Are you a generalist or a specialist? In recent years, many B2B marketing organizations have formed specialized teams that focus in one or two areas. Although it’s not a strictly “one or the other” argument, building more in-depth expertise and concentrating efforts can contribute to breakout achievement. Yet over time, specialized teams pursuing narrow objectives risk falling short in creating a connected customer experience.
Demand marketing, account-based marketing (ABM), and customer marketing teams, who are directly accountable for pipeline and revenue, have faced strategic and systemic challenges for years. So what’s different now? In 2023, changing buying group behavior and talent constraints are creating a shift in perspective. At Forrester, we call this lifecycle revenue marketing (LRM): a modern, outside-in approach to break through silos, extend audience engagement, and connect demand and engagement programs to the full lifecycle of revenue opportunities.
Building A Future State: Shared Capabilities
According to Forrester’s 2022 State Of ABM Study, 82% of respondents envision a future state in which demand and ABM will be broadly or fully aligned, sharing people, processes, and tools. This emphasis on alignment, not structure, leads to greater efficiencies. When these teams are joined by customer marketing, it creates a powerful alliance across the customer lifecycle.
How does this play out for marketers in their day-to-day experiences? In Forrester’s Marketing Survey, 2022, 34% of B2B marketing decision-makers said their biggest challenge is creating a single view of the buyer. By working toward a shared view of buyers and customers, marketers can apply their skills and craft with more precision. Delivering real-time audience engagement to buying groups across all opportunity types (acquisition, retention, cross-sell, and upsell) and the customer lifecycle improves the customer experience. At the same time, these efforts give marketers exposure to projects and colleagues that can foster career growth. It increases the caliber and breadth of creativity and execution support available. All of this is a welcome change from coordinating across silos, catching duplicate efforts and gaps, or competing internally for resources.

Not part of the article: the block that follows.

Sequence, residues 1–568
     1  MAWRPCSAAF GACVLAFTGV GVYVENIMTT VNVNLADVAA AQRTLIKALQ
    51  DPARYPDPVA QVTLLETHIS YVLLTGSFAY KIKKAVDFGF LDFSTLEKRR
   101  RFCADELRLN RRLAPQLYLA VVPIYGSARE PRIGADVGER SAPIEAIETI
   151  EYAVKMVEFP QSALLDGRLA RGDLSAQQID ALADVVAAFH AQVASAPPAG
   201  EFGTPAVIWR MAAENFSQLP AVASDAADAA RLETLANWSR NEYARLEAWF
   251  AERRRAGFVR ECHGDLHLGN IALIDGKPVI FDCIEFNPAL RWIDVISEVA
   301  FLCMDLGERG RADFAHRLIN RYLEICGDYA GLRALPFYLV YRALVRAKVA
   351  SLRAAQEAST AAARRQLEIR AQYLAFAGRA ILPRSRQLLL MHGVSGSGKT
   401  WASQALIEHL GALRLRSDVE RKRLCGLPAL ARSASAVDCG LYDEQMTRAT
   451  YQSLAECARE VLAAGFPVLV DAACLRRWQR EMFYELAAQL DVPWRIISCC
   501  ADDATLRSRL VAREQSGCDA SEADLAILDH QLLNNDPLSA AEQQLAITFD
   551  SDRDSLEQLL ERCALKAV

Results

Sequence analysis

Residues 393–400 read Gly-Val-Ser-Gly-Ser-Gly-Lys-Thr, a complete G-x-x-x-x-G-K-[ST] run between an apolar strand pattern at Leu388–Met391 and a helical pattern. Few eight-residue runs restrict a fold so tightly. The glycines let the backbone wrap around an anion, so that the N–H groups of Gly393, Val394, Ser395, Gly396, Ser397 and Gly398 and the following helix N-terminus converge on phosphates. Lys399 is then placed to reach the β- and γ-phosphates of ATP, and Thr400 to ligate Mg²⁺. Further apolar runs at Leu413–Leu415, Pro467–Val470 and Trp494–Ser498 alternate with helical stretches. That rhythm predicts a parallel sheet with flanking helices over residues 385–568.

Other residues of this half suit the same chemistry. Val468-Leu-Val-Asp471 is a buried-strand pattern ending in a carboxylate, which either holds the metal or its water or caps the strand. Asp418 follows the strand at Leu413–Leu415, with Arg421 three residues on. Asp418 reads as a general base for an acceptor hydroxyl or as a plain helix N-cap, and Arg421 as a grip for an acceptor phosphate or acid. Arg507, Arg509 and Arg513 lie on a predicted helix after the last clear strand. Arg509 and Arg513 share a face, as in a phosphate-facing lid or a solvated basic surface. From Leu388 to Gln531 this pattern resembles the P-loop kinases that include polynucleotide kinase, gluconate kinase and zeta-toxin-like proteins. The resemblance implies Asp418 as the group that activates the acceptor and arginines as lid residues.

Adopt A Customer-First Mindset To Overcome The Knowing-Doing Gap
Although B2B marketers know it’s important to have an outside-in perspective, turning that knowledge into action during a time of change can become a major roadblock. This is especially true when redefining how teams work together and plan for LRM capabilities. Here are a few tips for designing your organization’s future LRM vision and capabilities:
- Evaluate your current capabilities and collaboration practices. Are there shared goals and dashboards between demand, ABM, and customer marketing teams that center the customer? Form a working group to assess current processes and communication. How are efforts aligned across the customer lifecycle? Where can teams work with better coordination on resources or content, program, or measurement activities?
- Identify where resource or process updates are needed. Address the areas that affect buyer- and customer-focused collaboration first. Establish priorities and requirements with the customer in mind, and plan for discussions about where skills and new ideas are needed.
- Start working on a roadmap. Build a current team charter and an action plan to develop specific areas for more maturity, and reshape how work is done. Use your current KPIs and customer examples to inform where additional support, professional development, or new processes are needed in shifting to LRM.
Are you still thinking about the future of marketers as specialists or generalists? Consider how you can drive revenue with deep expertise and efficiency — while being more collaborative, adaptive, and customer- and insights-driven. An LRM approach can help your organization achieve its business objectives and prioritize the customer experience. Read Forrester’s new reports that explain the LRM vision, explore the seven essential LRM capabilities, and discuss technology implications from converging platforms.